39°28′1.42″N 0°22′43.81″W / 39.4670611°N 0.3788361°W / 39.4670611; -0.3788361

Pelayo trinquet, empty, as seen from the llotgeta

The Pelayo trinquet (Valencian: trinquet de Pelayo) is one of the most renowned trinquets courts of the Valencian pilota sport in Valencia. The most important Escala i corda competitions, such as the Circuit Bancaixa, have their final matches played there.

History edit

On August 20, 1868, a new trinquet was inaugurated, next to the Estació del Nord railway station, at Pelayo street, hence its name Pelayo trinquet.

Pelayo professional players, 1925

Ever since that date, it has maintained its function as a Valencian Pilota court, without any remarkable interruption. During the Spanish Civil War the Pelayo trinquet was confiscated and administered by a trade union.

Its current owners, the Tuzón family, bought it in 1976 and are responsible for its renovation and current appearance.

The courtfield edit

Pelayo trinquet as seen from the rest stairs during the 2005's Individual final

The Pelayo trinquet is nowadays a part of a restaurant-bar. In order to go to the courtfield spectators exit from the restaurant to a patio (covered by a sunshade), and from there they enter into the trinquet through a door next to the llotgeta corner.

Pelayo trinquet is, according to the necessities of the Valencian Pilota sport, an elongated court, with a length of 58.5 m, width of 11 m and height of 3 m. Despite its required elongated shape, it is actually one of the widest trinquets, which involves some challenge for players, who are used to smaller courts. This trinquet is power-lit and equipped with an electronic scoreboard on the wall behind the rest gallery.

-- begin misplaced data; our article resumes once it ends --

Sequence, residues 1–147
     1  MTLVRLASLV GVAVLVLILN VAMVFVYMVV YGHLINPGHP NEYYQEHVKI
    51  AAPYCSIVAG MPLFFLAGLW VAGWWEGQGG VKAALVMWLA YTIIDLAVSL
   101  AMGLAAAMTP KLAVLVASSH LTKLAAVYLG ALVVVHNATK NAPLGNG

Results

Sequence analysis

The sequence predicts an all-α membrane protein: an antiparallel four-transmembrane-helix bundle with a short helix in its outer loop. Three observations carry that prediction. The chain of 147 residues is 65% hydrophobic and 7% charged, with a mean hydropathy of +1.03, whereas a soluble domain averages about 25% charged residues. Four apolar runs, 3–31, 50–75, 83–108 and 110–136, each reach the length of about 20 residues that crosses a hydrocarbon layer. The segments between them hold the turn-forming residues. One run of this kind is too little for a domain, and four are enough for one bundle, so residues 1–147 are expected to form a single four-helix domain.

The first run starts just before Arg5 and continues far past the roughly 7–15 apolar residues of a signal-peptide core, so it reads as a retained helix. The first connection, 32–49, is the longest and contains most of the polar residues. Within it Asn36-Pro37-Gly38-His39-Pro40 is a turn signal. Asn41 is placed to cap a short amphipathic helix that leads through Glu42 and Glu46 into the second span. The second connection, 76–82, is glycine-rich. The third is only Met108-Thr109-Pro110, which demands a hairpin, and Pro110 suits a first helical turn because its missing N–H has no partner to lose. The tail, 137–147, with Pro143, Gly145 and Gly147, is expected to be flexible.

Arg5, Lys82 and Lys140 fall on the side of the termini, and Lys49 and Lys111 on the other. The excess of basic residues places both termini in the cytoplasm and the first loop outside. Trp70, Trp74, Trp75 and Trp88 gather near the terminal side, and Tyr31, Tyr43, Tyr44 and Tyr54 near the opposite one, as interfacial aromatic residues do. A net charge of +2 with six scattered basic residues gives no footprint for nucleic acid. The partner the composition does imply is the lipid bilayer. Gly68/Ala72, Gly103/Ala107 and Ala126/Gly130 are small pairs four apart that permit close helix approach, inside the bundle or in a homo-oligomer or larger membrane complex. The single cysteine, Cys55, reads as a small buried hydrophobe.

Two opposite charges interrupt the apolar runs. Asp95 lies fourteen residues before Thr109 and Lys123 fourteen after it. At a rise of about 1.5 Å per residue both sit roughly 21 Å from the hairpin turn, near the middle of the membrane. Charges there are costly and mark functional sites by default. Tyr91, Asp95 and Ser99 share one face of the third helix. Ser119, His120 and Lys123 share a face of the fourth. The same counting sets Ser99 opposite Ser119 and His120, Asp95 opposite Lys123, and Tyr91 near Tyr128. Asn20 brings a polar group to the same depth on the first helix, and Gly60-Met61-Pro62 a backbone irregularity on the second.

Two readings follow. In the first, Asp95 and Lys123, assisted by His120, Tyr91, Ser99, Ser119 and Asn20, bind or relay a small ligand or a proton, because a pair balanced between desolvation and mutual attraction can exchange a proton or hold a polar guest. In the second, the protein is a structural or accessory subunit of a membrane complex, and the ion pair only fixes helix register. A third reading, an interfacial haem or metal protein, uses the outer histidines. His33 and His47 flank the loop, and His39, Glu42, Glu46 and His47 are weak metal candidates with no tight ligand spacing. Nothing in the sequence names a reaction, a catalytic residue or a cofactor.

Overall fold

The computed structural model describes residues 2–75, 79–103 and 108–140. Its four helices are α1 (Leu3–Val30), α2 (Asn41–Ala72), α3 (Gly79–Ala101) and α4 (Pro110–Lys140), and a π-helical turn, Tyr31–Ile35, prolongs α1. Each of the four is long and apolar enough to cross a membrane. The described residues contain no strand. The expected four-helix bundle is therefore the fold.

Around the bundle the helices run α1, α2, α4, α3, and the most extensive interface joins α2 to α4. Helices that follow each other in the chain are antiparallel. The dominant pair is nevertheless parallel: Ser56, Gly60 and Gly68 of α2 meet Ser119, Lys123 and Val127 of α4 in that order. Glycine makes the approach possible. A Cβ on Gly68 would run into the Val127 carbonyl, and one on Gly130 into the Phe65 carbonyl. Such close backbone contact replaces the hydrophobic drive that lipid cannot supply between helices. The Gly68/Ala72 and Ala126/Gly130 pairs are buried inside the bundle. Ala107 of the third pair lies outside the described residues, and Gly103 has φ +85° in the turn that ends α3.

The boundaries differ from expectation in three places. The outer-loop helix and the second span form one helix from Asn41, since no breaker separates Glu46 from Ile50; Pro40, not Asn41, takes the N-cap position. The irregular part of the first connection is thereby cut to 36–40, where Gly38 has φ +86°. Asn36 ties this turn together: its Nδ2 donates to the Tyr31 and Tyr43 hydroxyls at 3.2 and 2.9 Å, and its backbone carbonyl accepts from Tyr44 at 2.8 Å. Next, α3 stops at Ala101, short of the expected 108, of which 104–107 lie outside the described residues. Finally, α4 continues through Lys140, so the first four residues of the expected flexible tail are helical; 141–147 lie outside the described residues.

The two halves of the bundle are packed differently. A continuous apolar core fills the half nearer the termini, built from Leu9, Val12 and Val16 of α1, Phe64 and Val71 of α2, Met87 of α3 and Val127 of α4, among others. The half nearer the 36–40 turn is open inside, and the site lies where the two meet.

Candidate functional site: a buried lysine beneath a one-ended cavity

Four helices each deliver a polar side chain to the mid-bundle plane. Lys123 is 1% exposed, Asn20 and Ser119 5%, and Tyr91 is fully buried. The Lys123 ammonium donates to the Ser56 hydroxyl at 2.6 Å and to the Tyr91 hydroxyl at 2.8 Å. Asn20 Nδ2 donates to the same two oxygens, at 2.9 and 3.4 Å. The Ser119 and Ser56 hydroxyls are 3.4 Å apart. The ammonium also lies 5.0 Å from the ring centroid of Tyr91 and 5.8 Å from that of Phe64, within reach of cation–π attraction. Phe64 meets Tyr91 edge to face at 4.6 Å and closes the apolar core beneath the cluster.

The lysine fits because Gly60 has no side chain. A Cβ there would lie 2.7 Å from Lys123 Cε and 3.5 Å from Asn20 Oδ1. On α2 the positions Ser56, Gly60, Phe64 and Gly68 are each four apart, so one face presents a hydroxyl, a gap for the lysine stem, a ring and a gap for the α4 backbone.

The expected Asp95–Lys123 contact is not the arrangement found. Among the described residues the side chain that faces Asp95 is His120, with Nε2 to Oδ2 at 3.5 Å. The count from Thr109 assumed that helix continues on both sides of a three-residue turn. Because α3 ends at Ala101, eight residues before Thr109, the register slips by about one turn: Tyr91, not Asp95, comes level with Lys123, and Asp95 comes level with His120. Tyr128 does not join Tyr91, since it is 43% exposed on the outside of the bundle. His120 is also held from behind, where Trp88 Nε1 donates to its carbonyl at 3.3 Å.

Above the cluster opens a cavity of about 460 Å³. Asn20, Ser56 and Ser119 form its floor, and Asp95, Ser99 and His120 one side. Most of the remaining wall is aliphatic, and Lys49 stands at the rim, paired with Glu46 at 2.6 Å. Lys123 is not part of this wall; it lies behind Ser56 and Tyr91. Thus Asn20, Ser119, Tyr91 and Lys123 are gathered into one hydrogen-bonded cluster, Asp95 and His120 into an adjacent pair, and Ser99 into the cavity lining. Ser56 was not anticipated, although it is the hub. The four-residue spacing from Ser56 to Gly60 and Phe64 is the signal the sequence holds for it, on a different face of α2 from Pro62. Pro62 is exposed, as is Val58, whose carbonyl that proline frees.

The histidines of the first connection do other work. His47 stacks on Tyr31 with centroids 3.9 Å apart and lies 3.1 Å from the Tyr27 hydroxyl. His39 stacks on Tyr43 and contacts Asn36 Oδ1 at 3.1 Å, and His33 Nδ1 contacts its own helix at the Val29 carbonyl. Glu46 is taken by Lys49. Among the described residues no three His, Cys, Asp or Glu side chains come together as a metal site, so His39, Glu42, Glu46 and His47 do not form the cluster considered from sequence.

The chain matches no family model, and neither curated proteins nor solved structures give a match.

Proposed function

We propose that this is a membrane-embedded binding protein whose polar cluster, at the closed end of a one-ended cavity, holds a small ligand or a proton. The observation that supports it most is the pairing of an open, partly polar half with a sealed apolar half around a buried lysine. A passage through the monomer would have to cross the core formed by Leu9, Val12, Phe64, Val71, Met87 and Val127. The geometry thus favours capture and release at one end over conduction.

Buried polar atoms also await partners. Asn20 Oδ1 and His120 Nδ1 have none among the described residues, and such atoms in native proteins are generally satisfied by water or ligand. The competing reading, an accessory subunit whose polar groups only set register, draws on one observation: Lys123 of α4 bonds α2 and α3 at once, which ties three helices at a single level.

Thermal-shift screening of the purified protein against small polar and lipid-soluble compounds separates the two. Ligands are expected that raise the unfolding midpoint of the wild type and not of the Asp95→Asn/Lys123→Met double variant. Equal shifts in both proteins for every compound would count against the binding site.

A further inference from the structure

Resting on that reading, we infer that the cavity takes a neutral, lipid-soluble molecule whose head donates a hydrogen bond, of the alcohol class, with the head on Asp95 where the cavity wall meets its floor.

The Pelayo trinquet has four galleries, the usual two on the dau and rest walls plus two more over the side walls. The llotgeta is very wide and slightly lifted up, but without a protective wall for watchers (only a net to catch high balls), also, the authority llotgeta covers it absolutely, so it's more difficult to throw the ball into the lower llotgeta.

On the dau wall, next to the llotgeta there's a wooden door to the patio, this door is normally open to allow casual spectators some indirect vision of the game and it becomes another place where the players aim the ball, in order to tamper the rival's back shot. Also, when the door is closed, the rebounds on the wooden door are unpredictable.

Regarding rebounces, it should be said that on the ground of the dau and rest walls there's a "tamborí", a 45° besel that raises up low balls with fast and unexpected rebounces.

In the beginning the ground was just gravel, then until the 1920s it was covered with tiles. Finally, in 1976 a roof was built and it became an indoor court. Before this date and, to some extent, shortly after (through holes made in the fences by corrosion) it was not uncommon that balls could fly out of the trinquet. Due to the high price of the vaqueta balls, every time a ball was thrown away, somebody (usually a boy) had the duty of searching for it. In order to accomplish this task he had free access to the neighbours' home patios, who, in exchange, had also free tickets to the matches.

Honor gallery edit

Over the dau there are five huge pictures featuring the players who have earned a reputation as idols in this trinquet (and, by extension, in the whole game) over the decades. Taking into account that the Pelayo trinquet has been open for more than 100 years and there have been hundreds of players, its reduced number speaks of the strict criteria and the consensus gathered around those selected players.

Left to right, they are:

References edit